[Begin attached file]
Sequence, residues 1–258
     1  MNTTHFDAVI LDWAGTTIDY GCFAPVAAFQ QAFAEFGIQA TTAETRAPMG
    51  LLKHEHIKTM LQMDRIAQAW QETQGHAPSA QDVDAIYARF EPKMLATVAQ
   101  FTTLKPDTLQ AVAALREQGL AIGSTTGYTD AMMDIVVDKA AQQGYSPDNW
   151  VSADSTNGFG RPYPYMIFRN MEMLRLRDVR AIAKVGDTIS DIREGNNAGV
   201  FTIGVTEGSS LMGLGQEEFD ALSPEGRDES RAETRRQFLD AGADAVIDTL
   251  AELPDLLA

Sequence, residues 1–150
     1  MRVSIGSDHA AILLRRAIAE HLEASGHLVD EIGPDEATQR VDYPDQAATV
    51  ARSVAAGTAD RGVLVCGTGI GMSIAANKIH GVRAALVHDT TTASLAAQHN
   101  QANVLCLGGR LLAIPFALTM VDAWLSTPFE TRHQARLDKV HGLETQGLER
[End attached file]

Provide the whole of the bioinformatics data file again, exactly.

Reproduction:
Sequence, residues 1–258
     1  MNTTHFDAVI LDWAGTTIDY GCFAPVAAFQ QAFAEFGIQA TTAETRAPMG
    51  LLKHEHIKTM LQMDRIAQAW QETQGHAPSA QDVDAIYARF EPKMLATVAQ
   101  FTTLKPDTLQ AVAALREQGL AIGSTTGYTD AMMDIVVDKA AQQGYSPDNW
   151  VSADSTNGFG RPYPYMIFRN MEMLRLRDVR AIAKVGDTIS DIREGNNAGV
   201  FTIGVTEGSS LMGLGQEEFD ALSPEGRDES RAETRRQFLD AGADAVIDTL
   251  AELPDLLA

Sequence, residues 1–150
     1  MRVSIGSDHA AILLRRAIAE HLEASGHLVD EIGPDEATQR VDYPDQAATV
    51  ARSVAAGTAD RGVLVCGTGI GMSIAANKIH GVRAALVHDT TTASLAAQHN
   101  QANVLCLGGR LLAIPFALTM VDAWLSTPFE TRHQARLDKV HGLETQGLER